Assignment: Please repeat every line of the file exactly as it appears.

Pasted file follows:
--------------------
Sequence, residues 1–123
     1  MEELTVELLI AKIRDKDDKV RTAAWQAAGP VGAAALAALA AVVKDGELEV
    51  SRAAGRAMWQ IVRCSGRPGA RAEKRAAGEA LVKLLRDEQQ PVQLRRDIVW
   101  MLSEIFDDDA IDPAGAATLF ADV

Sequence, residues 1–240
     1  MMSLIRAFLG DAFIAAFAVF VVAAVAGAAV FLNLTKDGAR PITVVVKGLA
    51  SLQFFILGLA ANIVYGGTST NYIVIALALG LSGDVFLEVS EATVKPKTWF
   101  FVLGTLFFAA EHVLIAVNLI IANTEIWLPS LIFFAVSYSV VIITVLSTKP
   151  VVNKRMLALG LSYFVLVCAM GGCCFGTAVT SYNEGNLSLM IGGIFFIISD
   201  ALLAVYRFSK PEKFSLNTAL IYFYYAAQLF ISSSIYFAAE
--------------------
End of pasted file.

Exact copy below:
Sequence, residues 1–123
     1  MEELTVELLI AKIRDKDDKV RTAAWQAAGP VGAAALAALA AVVKDGELEV
    51  SRAAGRAMWQ IVRCSGRPGA RAEKRAAGEA LVKLLRDEQQ PVQLRRDIVW
   101  MLSEIFDDDA IDPAGAATLF ADV

Sequence, residues 1–240
     1  MMSLIRAFLG DAFIAAFAVF VVAAVAGAAV FLNLTKDGAR PITVVVKGLA
    51  SLQFFILGLA ANIVYGGTST NYIVIALALG LSGDVFLEVS EATVKPKTWF
   101  FVLGTLFFAA EHVLIAVNLI IANTEIWLPS LIFFAVSYSV VIITVLSTKP
   151  VVNKRMLALG LSYFVLVCAM GGCCFGTAVT SYNEGNLSLM IGGIFFIISD
   201  ALLAVYRFSK PEKFSLNTAL IYFYYAAQLF ISSSIYFAAE